Linda wrote:
> Here's a page that actually shows the difference between traditional and
> simplified Chinese characters:
> I personally prefer the traditional characters, but obviously the
> simplified character are...simpler. :)

No, they aren't. Only a few hundred characters have official simplified
forms, and that means that characters incorporating the same components
(historically) have lost their resemblance to each other, so characteres
that were formerly similar in sound or meaning now aren't.

> It's like the difference in English between "light" and "lite".

No, it isn't. Those are both spellings that point to the same
pronunciation, but simplification was done without regard to whether the
phonetic portions of the characters would still relate to characters
with the relevant pronunciations.

> Most characters are made up of 2 or more "radicals", which are basically
> picture-thoughts which, when combined, make up a descriptive word or thought.

No, they aren't.

Most characters are made up of exactly two components, one, the
"radical," giving a more or less good indication of the meaning (the
semantic field); the other, the "phonetic," giving an indication of the
pronunciation (2000 years ago, when they were standardized, the phonetic
portion gave an exact or nearly exact representation of the
pronunciation, but naturally the Chinese languages have changed while
the script remained the same).

> If you look at the first character listed for "hua" (speech) on the website
> I gave above, the left-hand part of the character means "word", and is a
> pictograph of words flowing out of a mouth (3 lines and a dot coming out of
> a square box). The right hand part of the character means "tongue", and is
> a picture of a tongue sticking out of a mouth. Put the two together, and
> voila! word + tongue = speech. :)

Only a very tiny proportion of all the characters are constructed that

> The traditional character listed for jian (see) is a huge eye with legs.

Actually it's 'eye' + 'man'; but it's likely that the "man" component is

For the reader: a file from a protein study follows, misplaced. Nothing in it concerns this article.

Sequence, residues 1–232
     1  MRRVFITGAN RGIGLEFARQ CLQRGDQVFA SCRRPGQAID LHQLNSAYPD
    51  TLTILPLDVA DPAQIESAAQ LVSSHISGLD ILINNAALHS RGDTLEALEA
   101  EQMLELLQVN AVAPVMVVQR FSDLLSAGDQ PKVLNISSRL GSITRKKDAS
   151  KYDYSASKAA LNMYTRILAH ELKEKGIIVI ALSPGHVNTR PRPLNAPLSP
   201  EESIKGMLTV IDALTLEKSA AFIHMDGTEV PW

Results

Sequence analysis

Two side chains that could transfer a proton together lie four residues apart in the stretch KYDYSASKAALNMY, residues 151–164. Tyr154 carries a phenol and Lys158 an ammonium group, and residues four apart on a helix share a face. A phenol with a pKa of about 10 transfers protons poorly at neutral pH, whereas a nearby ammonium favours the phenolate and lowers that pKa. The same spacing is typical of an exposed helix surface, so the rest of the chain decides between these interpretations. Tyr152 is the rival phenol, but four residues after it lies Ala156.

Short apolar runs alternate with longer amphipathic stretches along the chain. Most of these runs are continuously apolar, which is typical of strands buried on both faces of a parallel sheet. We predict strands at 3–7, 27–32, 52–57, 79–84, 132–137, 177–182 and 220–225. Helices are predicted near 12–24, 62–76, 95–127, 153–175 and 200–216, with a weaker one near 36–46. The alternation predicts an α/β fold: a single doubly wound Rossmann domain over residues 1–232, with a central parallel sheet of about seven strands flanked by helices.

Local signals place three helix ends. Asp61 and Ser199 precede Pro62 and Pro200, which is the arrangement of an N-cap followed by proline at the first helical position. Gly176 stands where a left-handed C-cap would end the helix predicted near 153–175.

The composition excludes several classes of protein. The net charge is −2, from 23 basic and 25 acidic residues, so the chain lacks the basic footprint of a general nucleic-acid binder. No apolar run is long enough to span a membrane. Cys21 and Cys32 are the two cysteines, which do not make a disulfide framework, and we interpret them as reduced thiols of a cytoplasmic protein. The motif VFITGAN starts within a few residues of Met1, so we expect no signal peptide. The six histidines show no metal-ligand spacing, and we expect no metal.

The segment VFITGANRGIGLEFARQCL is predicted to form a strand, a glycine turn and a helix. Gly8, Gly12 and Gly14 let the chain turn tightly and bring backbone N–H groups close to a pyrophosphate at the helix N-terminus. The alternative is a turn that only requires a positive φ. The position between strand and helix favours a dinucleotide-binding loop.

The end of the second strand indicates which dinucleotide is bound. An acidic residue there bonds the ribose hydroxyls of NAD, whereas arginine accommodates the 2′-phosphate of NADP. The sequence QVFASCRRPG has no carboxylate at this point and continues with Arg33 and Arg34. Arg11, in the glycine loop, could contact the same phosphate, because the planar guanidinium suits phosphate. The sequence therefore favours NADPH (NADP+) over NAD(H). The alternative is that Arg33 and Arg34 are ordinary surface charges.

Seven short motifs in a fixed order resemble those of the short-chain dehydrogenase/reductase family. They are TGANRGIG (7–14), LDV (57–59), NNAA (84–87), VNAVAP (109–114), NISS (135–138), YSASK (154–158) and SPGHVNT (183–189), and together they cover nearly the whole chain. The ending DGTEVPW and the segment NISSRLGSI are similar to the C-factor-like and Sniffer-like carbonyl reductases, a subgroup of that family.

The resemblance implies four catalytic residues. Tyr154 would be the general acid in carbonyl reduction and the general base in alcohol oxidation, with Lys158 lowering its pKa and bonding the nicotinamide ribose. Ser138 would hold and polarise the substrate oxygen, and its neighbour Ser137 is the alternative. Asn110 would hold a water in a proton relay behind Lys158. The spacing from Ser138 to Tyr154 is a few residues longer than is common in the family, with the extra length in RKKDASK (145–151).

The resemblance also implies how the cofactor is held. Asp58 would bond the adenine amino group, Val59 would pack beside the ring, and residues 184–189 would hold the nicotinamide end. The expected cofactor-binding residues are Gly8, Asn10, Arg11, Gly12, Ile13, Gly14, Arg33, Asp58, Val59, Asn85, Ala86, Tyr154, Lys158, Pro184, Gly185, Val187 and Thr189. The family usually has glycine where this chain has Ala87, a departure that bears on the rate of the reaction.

actually a phonetic, /jen/. (But 'eye' itself is now considered one of
the 214 radicals and not usually decomposed.)

> It's really interesting to look at the original Chinese characters some
> 2000 years ago, they look more like the words they describe. If anyone is
> interested, I can post some examples of early scripts.

No, by 1 A.D. the characters pretty much had their modern shapes
(depending on calligraphic style). For shapes that vaguely resemble
their pictographic origins, you need to look at the earliest known
examples, the oracle bones from the late Shang dynasty (ca. 1250 B.C.).
Even then, if you didn't know what they were supposed to represent, you
wouldn't be able to figure out the pictures.

> If you are interested in writing Chinese and pictograph origins, I
> recommend "Reading and Writing Chinese", by William McNaughton. It goes
> into detail on many common pictographs, including strokes. Unfortunately,
> it does not use the more widely used pinyin system for English
> pronounciation, but I can understand because the pinyin pronounciations
> rarely make sense to English speakers.
> (i.e. "Xue" [study] is pronounced shooay, "Chi" [to eat] is pronounced
> churr, and "Qi" [breath] is pronounced chee. You get the idea.)

Anyone studying Chinese seriously will need to know both pinyin (to
understand anything published in China) and Wade-Giles (the former
standard; to understand anything published in Taiwan, and anything
published between the 1890s and the 1960s).
Peter T. Daniels grammatim@...